Team:MIPT MSU/Implementation


Proposed Implementation


Developing our project we aimed on creating a new way of targeted drug delivery, based on vesicles with syncytin. Our construction allows delivery of drugs and other biologically active molecules to colorectal and breast cancer through synthetic receptors on its cells. Moreover, we believe that our system might find application in other area.

Proposed end Users

The prototype of our system is proposed for patients with some cancer types with overexpression of the receptors for syncytin (including breast, colorectal and so forth) [1]. Using psi signals (signals of packaging) the RNA sequence of interest can be packed into a vesicle via gag protein [2]. Different molecules can be loaded into the vesicle through the mechanism by which the psi signal adds to almost any sequence using simple cloning pipelines. This flexibility allows therapists to personalize the desired effect. For example, the RNA sequence can encode the non-mutated TP53 sequence or gRNA for knock out of mutated/overexpressed genes.

Moreover, our product boasts even bigger flexibility - by replacing the syncytin with another fusion protein with a different receptor we can acquire an opportunity to deliver our drug or RNA to another tissue. These advantages can be used to develop methods for therapy of other cancers or maybe even some tissue specific single-gene disorders.

The proposed variants of fusion proteins you can see in a table below made by our PI and us [6]:

Advantages over previous target delivery systems

Our system has some remarkable advantages over other target delivery systems such as nano-particles and viruses. First of them is decreased immunogenicity. Since vesicles are integral parts of our organisms they will not cause some heavy immune response and thus are much more safe than viruses and nanoparticles. Also our system boasts high tissue specificity because of fusion protein - receptor protein interaction specificity. Many nanoparticles do not have such properties. [3] In addition, it is very important that due to proteins, the fusion of the vesicles' contents bypasses degradation in the endosomal pathway.

Proposed factoring

Before usage in clinical practice the large amount of the vesicles should be produced and purified

We think this pipeline can represent the factoring of our product:

  1. Growing the vesicle producing cell line in serum-free medium.
  2. Collecting the medium with vesicles.
  3. Purifying vesicles on a column (300 kDa size).
  4. Additional purifying stages. (up to decide).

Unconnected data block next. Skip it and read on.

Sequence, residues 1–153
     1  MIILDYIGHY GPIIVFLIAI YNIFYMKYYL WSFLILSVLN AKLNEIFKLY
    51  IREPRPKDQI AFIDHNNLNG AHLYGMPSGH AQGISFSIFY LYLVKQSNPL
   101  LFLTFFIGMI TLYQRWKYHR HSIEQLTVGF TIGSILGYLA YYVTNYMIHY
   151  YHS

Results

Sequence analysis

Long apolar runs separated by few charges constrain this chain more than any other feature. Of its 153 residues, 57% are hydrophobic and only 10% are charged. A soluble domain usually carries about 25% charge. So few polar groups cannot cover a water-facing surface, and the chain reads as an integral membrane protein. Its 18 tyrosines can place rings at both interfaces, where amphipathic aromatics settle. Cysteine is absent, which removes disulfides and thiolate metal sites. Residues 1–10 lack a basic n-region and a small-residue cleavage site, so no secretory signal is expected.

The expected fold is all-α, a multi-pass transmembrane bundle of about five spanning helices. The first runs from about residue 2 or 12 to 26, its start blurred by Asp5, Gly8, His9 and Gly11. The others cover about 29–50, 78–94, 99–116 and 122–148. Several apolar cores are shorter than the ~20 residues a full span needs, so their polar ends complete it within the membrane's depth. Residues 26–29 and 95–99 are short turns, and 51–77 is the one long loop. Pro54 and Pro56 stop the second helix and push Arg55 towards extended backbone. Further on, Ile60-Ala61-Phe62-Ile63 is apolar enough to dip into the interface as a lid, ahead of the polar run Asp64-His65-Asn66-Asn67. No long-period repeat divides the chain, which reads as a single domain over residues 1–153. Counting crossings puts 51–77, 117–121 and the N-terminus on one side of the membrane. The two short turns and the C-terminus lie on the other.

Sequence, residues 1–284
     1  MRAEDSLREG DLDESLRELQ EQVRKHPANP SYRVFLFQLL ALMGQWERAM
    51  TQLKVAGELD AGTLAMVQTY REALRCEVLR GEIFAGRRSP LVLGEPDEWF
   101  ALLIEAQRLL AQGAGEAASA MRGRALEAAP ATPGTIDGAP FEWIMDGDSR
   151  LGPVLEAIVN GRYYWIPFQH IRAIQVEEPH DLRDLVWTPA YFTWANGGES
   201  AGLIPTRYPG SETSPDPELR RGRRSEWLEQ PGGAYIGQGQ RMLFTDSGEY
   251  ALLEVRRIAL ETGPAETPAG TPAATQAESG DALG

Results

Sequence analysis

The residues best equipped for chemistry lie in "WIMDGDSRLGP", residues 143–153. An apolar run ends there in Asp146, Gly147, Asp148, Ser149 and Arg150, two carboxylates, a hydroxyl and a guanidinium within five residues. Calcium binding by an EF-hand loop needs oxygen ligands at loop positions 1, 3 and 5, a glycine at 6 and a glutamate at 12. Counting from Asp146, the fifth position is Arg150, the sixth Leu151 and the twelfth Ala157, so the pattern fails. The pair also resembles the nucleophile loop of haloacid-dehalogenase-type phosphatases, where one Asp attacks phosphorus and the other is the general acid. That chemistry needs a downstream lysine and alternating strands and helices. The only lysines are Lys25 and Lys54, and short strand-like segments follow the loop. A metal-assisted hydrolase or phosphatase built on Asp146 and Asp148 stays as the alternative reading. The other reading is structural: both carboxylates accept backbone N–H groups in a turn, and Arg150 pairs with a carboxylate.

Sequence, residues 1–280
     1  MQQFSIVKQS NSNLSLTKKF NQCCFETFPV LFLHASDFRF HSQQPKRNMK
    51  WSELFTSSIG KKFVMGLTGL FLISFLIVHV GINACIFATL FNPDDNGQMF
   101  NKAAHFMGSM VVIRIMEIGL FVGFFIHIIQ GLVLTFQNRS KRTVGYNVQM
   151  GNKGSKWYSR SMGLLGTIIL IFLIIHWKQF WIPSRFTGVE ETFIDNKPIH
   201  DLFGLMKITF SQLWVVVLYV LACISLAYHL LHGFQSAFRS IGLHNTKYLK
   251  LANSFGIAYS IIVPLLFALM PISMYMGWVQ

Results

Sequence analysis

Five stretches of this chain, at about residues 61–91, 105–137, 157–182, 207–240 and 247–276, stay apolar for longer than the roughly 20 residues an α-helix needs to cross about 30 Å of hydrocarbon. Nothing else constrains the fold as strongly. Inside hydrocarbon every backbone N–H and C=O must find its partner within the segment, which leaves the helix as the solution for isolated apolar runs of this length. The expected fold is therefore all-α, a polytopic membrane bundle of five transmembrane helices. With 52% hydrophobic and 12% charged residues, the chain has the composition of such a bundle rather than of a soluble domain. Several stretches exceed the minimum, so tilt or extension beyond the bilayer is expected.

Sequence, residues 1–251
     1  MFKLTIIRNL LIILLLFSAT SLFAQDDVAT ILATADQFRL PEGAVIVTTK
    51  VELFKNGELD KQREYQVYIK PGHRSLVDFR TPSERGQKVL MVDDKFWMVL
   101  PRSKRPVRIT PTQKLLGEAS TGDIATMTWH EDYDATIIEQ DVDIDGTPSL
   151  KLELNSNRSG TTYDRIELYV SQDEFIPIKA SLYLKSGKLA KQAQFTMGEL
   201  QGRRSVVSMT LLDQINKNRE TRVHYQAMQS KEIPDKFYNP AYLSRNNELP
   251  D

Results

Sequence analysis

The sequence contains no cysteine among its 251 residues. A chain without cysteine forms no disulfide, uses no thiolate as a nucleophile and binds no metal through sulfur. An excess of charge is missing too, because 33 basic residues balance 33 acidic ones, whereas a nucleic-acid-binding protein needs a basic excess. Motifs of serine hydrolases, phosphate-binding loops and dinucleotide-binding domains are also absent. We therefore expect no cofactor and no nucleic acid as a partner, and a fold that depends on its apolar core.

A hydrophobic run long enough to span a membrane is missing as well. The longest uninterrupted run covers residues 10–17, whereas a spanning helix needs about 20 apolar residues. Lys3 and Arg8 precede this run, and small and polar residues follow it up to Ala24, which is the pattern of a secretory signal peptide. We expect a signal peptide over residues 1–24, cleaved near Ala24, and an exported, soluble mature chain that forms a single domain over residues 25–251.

5. Quality control using lipophilic dye (PKH 26).
  6. Cooled vesicles can be stored in a kelvinator (-80 C) but the fine condition of storing is still up to decide.

Our vision

We see our project as an effective cancer therapy, which can with minimal risks decrease cancer progression and eliminate tumors. The drug will be delivered to a tumor through blood with high specificity.

Challenges to be Met

  1. Before use, the purified vesicles on the column must undergo other purification steps that will be developed.
  2. We should take it into consideration that the vesicle producing cell line contains its own HLA, which can cause inflammation and other unpleasant reactions if it appears on the vesicle surface. To avoid this we came up with the two following ideas:
    1. Genetically edit the cell line to delete HLA [4];
    2. Use cells of patient to create primary cell line.

    Both of these approaches can be tested.

  3. The storage of vesicles is also a complicated question. [5]
  4. The route of drug delivery to the tumor should be considered according to experiments and modeling as well.


Our team is very concerned about safety. To make our product safe we proposed a several decisions, including:

  1. Use non cancer cell lines to produce vesicles to avoid unexpected aftereffects.
  2. Use a serum-free medium to avoid collecting its proteins and miRNA with vesicles.
  3. Make sure that our project will not cause an immune response via HLA like it described above.
  4. Conduct additional purification stages.
  5. Make sure that our vesicles are sterile.


  1. Olson ED, Musier-Forsyth K. Retroviral Gag protein-RNA interactions: Implications for specific genomic RNA packaging and virion assembly. Semin Cell Dev Biol. 2019 Feb;86:129-139. doi: 10.1016/j.semcdb.2018.03.015. Epub 2018 Apr 1. PMID: 29580971; PMCID: PMC6167211.
  2. Larsen JM, Christensen IJ, Nielsen HJ, Hansen U, Bjerregaard B, Talts JF, Larsson LI. Syncytin immunoreactivity in colorectal cancer: potential prognostic impact. Cancer Lett. 2009 Jul 18;280(1):44-9. doi: 10.1016/j.canlet.2009.02.008. Epub 2009 Mar 26. PMID: 19327884.
  3. Ronzitti G, Gross DA, Mingozzi F. Human Immune Responses to Adeno-Associated Virus (AAV) Vectors. Front Immunol. 2020;11:670. Published 2020 Apr 17. doi:10.3389/fimmu.2020.00670.
  4. Amiri, F., Ranjbar, M., Pirouzfar, M. et al. HLA-A gene knockout using CRISPR/Cas9 system toward overcoming transplantation concerns. Egypt J Med Hum Genet 22, 37 (2021).
  5. Jeyaram A, Jay SM. Preservation and Storage Stability of Extracellular Vesicles for Therapeutic Applications. AAPS J. 2017;20(1):1. Published 2017 Nov 27. doi:10.1208/s12248-017-0160-y.
  6. Zubarev, I.; Vladimirtsev, D.; Vorontsova, M.; Blatov, I.; Shevchenko, K.; Zvereva, S.; Lunev, E.A.; Faizuloev, E.; Barlev, N. Viral Membrane Fusion Proteins and RNA Sorting Mechanisms for the Molecular Delivery by Exosomes. Preprints 2021, 2021100130 (doi: 10.20944/preprints202110.0130.v1).